The tech landscape is littered with companies that compromised on one of these anchors. The cloud market is so vast that many of these companies will be successful in their niche — but the mission isn’t complete.

What needs to happen now?

The mission is to bring the cloud back to the masses so that any software engineer can build, operate, and scale their application. **Developer and operational experience determines the speed, resilience, cost, and scalability of a business.

To do that, we need to help developers get around the DevOps tax.

Understanding the DevOps tax

The complexity of the cloud has created a “DevOps Tax” - an onerous tariff of skills and manual tasks that forces teams to spend more on the labor to operate the cloud than the cloud bill. This complexity has forced teams to hire 1 DevOps engineer for every 15 engineers.

So what is the DevOps Tax?

  • Setting up, operating and scaling infrastructure
  • Spinning up dev environments
  • Writing and maintaining infrastructure-as-code
  • Networking, security and compliance configuration
  • Cost management
  • Serving and advising application engineers

That quickly creates a bottleneck for engineering teams. This undifferentiated heavy lifting is vital for organizations. Developer and operational experience dictate the speed, resilience, cost and scalability of your business.

Large enterprises can afford to build and sustain platform teams to create self-service tools for engineers. Companies that don’t make significant investment in DevOps see their cloud bills explode and their development speed plummet. Their software engineers spend hours in DevOps toil. And their DevOps engineers (if they can even hire them in today’s competitive job market) spend a majority of their time doing manual, undifferentiated heavy lifting.

Our vision for TinyStacks is to change the status quo of how engineering teams build, operate and scale on the cloud. A world where any engineer can push changes to the cloud without compromising on cost, flexibility and visibility. Where DevOps engineers can become platform engineers and empower their engineers teams with best practices around scale, security and compliance.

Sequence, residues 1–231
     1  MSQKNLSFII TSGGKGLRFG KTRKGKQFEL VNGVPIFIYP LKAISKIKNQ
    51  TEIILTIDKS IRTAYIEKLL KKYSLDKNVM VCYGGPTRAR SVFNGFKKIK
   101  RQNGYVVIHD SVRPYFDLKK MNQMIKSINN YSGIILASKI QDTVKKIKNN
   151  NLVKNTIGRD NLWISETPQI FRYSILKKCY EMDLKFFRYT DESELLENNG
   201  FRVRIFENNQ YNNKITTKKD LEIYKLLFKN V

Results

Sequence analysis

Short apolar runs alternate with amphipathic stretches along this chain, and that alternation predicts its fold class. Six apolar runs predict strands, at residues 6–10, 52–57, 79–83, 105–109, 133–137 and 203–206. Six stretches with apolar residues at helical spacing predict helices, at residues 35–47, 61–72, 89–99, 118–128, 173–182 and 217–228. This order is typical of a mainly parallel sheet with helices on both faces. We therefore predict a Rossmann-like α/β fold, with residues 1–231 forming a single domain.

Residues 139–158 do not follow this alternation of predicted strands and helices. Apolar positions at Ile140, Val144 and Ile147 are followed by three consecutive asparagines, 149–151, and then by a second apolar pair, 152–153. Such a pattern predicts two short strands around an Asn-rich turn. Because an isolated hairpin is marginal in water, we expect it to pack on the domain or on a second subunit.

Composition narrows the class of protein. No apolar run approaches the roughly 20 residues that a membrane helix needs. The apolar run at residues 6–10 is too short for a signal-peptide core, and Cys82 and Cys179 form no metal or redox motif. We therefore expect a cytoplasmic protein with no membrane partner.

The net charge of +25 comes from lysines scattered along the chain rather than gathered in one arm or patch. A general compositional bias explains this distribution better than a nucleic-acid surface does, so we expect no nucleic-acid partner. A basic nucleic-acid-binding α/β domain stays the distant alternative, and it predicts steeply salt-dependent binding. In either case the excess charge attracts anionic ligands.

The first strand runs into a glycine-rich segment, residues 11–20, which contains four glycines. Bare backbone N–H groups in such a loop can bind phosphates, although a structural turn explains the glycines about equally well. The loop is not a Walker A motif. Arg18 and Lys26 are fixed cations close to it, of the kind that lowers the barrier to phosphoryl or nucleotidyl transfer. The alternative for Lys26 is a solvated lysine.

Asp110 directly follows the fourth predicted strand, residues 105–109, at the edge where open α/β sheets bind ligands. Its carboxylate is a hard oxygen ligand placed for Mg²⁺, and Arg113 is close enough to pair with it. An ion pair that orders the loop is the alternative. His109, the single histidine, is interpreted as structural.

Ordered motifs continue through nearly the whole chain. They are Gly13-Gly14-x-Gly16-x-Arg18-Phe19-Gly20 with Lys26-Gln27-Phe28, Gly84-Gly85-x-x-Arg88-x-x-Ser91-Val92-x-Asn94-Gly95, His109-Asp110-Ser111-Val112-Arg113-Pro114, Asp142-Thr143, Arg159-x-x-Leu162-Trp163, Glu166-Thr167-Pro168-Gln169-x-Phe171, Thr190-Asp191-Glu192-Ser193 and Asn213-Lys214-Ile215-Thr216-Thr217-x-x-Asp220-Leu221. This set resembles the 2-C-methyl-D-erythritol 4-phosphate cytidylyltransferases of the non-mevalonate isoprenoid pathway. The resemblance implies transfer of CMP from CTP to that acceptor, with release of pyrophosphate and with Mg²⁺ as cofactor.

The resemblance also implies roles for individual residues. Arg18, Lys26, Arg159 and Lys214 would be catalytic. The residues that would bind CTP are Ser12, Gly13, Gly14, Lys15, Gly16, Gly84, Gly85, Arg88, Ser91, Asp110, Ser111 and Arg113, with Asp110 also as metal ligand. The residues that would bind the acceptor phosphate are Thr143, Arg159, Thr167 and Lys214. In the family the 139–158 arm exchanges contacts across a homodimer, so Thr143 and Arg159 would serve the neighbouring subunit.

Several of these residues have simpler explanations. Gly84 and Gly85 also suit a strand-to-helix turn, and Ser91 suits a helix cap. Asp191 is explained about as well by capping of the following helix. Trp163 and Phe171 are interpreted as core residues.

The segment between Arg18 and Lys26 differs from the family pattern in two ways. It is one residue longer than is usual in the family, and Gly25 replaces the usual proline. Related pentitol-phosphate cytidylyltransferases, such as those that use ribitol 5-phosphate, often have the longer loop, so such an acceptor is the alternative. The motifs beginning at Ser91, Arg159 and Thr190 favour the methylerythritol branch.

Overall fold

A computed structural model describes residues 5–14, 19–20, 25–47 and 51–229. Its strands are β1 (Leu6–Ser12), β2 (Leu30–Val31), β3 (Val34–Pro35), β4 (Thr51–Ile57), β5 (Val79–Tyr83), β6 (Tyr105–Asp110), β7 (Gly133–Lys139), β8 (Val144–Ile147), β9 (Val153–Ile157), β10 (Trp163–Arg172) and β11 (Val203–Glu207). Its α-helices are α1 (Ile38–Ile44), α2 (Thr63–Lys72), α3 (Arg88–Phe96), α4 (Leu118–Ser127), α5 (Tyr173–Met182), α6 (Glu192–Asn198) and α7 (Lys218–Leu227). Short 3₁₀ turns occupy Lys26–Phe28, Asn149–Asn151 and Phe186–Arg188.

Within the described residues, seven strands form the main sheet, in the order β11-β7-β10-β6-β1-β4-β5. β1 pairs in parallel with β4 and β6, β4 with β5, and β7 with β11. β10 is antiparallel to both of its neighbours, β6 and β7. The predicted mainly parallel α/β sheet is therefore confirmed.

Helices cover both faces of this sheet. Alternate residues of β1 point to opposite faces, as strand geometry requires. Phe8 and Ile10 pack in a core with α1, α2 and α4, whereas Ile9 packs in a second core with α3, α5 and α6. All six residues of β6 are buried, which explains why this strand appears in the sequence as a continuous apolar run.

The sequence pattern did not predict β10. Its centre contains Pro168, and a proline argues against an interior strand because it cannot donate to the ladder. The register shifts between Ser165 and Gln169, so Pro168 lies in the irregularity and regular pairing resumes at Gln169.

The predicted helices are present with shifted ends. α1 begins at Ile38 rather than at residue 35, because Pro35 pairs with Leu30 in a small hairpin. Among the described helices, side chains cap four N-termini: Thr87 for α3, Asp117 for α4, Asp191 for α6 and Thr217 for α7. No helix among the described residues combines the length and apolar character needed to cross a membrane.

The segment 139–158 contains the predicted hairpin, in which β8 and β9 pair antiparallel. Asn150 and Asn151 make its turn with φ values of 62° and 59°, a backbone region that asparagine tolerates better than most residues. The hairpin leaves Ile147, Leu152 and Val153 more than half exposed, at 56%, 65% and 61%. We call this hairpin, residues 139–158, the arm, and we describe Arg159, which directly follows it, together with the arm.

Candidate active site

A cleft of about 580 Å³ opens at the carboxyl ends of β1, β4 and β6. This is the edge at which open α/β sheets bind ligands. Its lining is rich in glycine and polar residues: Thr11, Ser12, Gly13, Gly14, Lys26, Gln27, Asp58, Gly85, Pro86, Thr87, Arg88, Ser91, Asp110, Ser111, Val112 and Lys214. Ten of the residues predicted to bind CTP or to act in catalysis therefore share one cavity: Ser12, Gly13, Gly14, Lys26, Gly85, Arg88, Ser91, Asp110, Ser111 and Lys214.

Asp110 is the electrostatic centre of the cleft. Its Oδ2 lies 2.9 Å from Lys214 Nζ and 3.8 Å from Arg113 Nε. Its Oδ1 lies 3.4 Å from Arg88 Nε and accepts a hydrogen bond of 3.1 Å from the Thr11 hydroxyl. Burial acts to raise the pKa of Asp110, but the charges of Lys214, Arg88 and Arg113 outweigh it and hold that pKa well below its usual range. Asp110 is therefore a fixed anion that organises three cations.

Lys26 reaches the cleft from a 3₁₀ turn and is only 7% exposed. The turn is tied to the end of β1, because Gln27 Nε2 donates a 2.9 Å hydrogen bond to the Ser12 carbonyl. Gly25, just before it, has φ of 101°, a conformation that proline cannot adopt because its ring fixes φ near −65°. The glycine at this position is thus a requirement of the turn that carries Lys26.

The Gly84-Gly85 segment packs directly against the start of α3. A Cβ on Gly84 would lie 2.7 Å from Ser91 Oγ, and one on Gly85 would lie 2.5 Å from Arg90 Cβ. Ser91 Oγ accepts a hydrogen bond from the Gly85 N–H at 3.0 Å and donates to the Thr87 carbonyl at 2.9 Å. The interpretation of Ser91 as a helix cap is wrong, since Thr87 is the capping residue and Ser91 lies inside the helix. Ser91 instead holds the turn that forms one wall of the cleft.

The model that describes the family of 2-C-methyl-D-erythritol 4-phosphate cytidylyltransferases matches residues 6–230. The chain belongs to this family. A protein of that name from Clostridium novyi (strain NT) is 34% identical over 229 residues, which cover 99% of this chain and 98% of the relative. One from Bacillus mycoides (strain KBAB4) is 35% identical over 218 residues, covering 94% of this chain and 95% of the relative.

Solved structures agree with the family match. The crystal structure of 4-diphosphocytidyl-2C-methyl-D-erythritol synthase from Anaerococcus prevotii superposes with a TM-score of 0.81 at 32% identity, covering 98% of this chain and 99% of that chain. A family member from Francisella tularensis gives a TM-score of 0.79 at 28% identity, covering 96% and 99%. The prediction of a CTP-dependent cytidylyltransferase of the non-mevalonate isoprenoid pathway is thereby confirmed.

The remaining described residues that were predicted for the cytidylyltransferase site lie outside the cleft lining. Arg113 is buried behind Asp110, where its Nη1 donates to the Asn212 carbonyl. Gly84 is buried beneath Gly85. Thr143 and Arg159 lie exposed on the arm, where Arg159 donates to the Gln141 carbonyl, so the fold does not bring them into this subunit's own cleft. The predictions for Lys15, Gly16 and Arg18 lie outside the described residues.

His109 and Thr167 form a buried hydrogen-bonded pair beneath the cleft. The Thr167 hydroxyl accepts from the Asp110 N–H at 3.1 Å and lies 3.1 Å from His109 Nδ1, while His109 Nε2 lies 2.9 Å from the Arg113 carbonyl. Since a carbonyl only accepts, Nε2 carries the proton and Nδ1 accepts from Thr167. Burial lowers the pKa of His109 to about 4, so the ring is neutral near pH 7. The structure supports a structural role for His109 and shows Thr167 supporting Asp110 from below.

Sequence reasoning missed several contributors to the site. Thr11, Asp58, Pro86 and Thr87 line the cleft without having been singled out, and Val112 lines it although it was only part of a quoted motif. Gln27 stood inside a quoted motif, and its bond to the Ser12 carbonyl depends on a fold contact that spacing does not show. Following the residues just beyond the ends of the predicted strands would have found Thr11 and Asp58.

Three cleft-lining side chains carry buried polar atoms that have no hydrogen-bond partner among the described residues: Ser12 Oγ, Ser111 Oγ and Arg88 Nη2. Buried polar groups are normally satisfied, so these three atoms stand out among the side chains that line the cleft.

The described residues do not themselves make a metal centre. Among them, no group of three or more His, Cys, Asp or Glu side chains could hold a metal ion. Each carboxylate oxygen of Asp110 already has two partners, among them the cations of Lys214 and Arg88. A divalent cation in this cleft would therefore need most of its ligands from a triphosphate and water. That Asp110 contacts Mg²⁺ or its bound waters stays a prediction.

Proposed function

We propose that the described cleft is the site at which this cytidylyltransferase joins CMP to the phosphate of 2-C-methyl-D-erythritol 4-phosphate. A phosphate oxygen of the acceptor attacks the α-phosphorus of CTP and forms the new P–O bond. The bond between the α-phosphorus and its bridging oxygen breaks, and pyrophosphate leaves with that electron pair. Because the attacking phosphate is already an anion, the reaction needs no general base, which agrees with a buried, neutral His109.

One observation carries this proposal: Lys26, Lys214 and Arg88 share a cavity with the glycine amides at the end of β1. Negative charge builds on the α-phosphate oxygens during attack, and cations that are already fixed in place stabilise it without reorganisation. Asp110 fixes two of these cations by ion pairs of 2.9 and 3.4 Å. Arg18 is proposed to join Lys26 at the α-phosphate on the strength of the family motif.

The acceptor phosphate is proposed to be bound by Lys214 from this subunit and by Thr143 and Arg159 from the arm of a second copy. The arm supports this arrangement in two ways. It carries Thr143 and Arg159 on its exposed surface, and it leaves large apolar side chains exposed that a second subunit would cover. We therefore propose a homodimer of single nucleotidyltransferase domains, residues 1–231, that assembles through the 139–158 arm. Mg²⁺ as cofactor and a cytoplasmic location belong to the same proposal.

So what does the future of building on the cloud really look like?

  • Just Git Push: An accessible dev experience for backend applications
  • Transparency without weeds: Visibility, debugging, and access to the full cloud catalog
  • Self-service app developers: Fully featured devops pipelines with stages
  • Work in a formalized and clean developer and operator experience.
  • The flexibility to use any cloud service or customize workflows as needs evolve.
  • Automatically maintain and version infrastructure-as-code

TinyStacks powers teams to build faster without abstractions or menial DevOps tasks. We’ve already seen some promising results. Jordan Bentley, CEO of Audiohook, says “The nightmare of DevOps kept us from managing AWS directly, but with TinyStacks we can now scale a billion+ requests a day in audio advertising leveraging the full power of AWS. Our cloud bill is 67% less, our devs are focused, and we now have access to the full AWS catalog.”

I invite you to come try TinyStacks and give us your utmost honest feedback. What does your dream developer experience on the cloud look like?